Partners has provided funds to establish a new UK biotechnology company,
CoCo Therapeutics Ltd, in partnership with the Wellcome Trust and KCL, to
progress this KCL research into the development of a new treatment for AD.
There a great need to develop novel drugs to treat pain and in particular
chronic pain. Scientists at King's College London (KCL) identified nerve
growth factor (NGF) as an important mediator of persistent pain and
validated it as a therapeutic target by demonstrating the beneficial
effects of neutralising its activity using biological reagents in a number
of animal models. The KCL team collaborated closely with the scientists at
Genentech who went on to develop a neutralising antibody to NGF for the
treatment of pain. This drug has been found to exhibit unprecedented
efficacy in phase III trials in man and is currently being considered for
registration. Their discovery has also led to several other major
pharmaceutical companies initiating drug discovery programs in this area
and has contributed to the subject area of pain management.
Dizziness is one of the most common presenting symptoms in General
Practice, Ear Nose and Throat and neurology clinics. Chronic dizziness in
particular has a major impact on individual and health service resources.
Researchers at King's College London (KCL) have developed an effective
exercise-based rehabilitation programme incorporating optokinetic
stimulation to treat a specific form of chronic dizziness, visual vertigo.
This programme has been adopted by audiology and physiotherapy services
across the UK and is now being adopted internationally and commercialized.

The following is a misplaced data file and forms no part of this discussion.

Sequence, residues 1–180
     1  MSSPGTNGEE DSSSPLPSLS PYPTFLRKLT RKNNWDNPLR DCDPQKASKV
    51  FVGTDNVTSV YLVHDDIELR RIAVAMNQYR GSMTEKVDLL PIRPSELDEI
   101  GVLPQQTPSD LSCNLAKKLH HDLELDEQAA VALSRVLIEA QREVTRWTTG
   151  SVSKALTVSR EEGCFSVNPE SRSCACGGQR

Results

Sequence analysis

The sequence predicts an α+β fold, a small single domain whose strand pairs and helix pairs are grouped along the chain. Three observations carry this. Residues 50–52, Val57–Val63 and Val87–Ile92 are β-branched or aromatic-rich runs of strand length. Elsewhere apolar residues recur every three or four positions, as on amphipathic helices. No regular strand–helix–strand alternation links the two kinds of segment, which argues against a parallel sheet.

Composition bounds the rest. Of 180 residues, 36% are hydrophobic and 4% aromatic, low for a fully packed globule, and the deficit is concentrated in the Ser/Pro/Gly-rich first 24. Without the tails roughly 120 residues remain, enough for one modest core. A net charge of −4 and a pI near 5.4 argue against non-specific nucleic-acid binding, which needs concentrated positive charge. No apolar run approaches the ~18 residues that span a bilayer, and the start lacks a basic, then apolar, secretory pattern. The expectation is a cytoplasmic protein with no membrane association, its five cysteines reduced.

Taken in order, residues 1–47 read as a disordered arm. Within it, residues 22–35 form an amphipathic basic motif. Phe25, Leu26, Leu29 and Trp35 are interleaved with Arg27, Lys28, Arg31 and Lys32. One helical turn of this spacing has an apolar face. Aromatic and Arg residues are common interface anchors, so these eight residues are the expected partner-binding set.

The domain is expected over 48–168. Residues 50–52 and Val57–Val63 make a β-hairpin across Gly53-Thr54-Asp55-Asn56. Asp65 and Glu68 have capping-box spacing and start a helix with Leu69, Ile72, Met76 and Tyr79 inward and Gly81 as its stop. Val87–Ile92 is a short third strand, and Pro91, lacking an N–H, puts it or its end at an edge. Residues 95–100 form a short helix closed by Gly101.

The work of KCL researchers is also reflected by inclusion in information
and continued educational activities with regard to visual vertigo.
The cell adhesion molecule N-cadherin has been shown to be required for
the survival of cancer cells, their metastasis and the formation of new
blood vessels in solid tumours, however, cell adhesion molecules like
N-cadherin were generally not considered to be "druggable." Scientists at
King's College London have contributed to the development of a
"peptide-pipeline" of novel N-cadherin antagonists, including the cyclic
HAV peptide (N-Ac-CHAVC-NH2), also now known as Exherin and/or ADH-1, as a
"first-in-class" N-cadherin antagonist. This compound was granted FDA
organ drug designation for Melanoma in 2008 and successfully completed a
number of phase I and II clinical trials, with an additional clinical
trial currently recruiting. The demonstration that N-cadherin peptides can
be used to treat cancer has changed the perception of what is possible and
opened up new clinical and commercial opportunities.